My guest post today comes from an artist who tells tales with both her keyboard and her camera. In addition to crafting gorgeous photographs, Dorothy Greco has written two marriage books, the second of which releases later this year. From her wealth of experience and research, she offers wise thoughts and helps for sustaining healthy relationships despite difficult events.
We’re only halfway through 2020 but already, this has been the most traumatic year in the 21st century. The disruption and deaths from COVID-19, the economic downturn and spiking unemployment, and the surge in racialized violence have shaken and destabilized the entire country. These incidents have the potential to impact every facet of life, particularly our intimate relationships. By tuning in to how the current events might be affecting our spouse and learning how to meaningfully support each other, we can work toward creating a stronger and healthier marriage despite this season’s obvious hardships
Trauma can be defined as “the response to a deeply distressing or disturbing event that overwhelms an individual’s ability to cope, causes feelings of helplessness, diminishes a sense of self and an ability to feel the full range of emotions.”
We often think of trauma as a specific event or series of events but trauma is really more about how specific experiences affect us. Our response to a disturbing event depends on many factors, including how old we are when the event happens, how many times we have been exposed to trauma, how those closest to us responded (e.g., did they minimize or appropriately intervene?), and our unique personalities (those who are more sensitive tend to be more deeply impacted).
Because traumatic events are so disturbing and don’t make sense, the memory is stored in a way that’s difficult to access. As a result, it fails to become integrated in normal life but continues to adversely affect us. This is part of why events of a similar nature can trigger our memories and cause unusual or out-of-character responses.
The Effects of Trauma
Trauma can result from combat, ongoing emotional or physical abuse, witnessing a loved one die, race-related hostility, or being in an accident. (Check out the ACE website for more information and examples.) What triggers trauma is unique and it affects all of us differently.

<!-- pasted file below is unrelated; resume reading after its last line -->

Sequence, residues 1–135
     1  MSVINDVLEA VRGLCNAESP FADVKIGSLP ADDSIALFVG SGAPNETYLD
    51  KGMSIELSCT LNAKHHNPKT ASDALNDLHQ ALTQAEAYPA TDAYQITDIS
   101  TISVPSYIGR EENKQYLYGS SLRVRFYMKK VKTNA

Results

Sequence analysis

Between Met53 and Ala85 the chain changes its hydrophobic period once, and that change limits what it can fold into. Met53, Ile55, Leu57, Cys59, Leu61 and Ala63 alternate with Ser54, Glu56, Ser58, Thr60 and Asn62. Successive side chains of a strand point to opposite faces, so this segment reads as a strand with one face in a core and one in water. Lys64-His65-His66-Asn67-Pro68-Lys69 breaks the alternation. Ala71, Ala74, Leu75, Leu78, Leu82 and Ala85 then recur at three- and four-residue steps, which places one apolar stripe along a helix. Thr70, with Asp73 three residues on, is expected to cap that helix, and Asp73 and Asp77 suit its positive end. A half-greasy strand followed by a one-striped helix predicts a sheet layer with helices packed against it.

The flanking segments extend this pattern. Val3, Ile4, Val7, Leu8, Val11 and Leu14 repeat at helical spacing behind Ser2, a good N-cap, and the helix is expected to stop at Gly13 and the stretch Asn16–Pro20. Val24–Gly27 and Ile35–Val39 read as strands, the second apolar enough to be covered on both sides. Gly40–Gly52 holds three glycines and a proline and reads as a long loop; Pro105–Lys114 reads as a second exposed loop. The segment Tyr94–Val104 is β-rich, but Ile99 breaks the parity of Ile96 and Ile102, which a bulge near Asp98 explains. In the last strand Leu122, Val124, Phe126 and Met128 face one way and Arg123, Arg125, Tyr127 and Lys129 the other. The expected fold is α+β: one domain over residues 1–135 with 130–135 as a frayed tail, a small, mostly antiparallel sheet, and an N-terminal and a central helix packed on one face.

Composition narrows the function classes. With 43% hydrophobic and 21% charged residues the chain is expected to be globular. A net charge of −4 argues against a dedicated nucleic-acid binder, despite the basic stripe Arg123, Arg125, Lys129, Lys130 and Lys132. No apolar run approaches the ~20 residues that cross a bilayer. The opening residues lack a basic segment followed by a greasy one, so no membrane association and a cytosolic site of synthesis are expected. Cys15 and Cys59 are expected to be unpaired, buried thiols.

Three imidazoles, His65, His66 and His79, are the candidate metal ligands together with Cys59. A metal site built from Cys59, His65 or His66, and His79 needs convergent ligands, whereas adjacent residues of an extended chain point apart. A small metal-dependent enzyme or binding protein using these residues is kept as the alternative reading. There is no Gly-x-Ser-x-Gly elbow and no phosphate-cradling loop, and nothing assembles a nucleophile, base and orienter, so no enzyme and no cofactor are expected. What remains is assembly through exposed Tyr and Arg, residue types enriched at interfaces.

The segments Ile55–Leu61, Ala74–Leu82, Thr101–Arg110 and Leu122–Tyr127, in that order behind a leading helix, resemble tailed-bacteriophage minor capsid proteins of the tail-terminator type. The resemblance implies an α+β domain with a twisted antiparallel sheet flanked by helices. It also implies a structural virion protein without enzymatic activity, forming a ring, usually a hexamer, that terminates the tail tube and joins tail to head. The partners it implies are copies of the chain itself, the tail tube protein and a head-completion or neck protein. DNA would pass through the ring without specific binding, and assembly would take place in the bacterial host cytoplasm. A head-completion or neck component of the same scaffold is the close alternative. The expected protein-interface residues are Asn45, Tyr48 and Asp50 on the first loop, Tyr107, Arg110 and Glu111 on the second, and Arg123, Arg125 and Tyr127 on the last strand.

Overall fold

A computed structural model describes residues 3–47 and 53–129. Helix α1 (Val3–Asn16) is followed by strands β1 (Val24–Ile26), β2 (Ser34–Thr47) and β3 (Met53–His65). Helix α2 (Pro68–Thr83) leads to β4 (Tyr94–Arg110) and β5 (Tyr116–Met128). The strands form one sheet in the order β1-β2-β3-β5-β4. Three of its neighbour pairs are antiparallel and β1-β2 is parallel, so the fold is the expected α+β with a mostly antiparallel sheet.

One of the more commonly known effects of trauma is Post Traumatic Stress Disorder. Trauma can also cause emotional numbness and it’s not unusual for survivors to battle depression, rage, and loneliness. Because trusting others is so difficult, they often struggle to have healthy, close relationships. In The Body Keeps Score, Dr. Bessel van der Kolk writes, “Trauma… almost always makes it difficult to engage in intimate relationships. After you have experienced something so unspeakable, how do you learn to trust yourself or anyone else again?”
My father-in-law was given to explosive angry outbursts that sometimes culminated in hitting one of his three children with a belt. My husband and his siblings could never predict when this might happen but were terrified of their father’s anger. Additionally, my husband was sexually molested twice as a young teen. Early on in our marriage, if I ever put my arms around him from behind or touched him before he could see me, he would have a classic PTSD response, including surprise, physical withdraw, and anger. This was hurtful to me and confusing to both of us. About five years ago we realized that unwanted touch and being approached from behind were trauma triggers.
Because of the way trauma is stored in our bodies and because it’s connected to the experience of powerlessness, regular emotional vulnerability and sexual intimacy can be incredibly difficult to achieve. This is particularly true if the traumatic event was sexual in nature. If we’re not aware of how this factors into our marriage, we may find ourselves routinely frustrated by our spouse’s unavailability or seeming aloofness.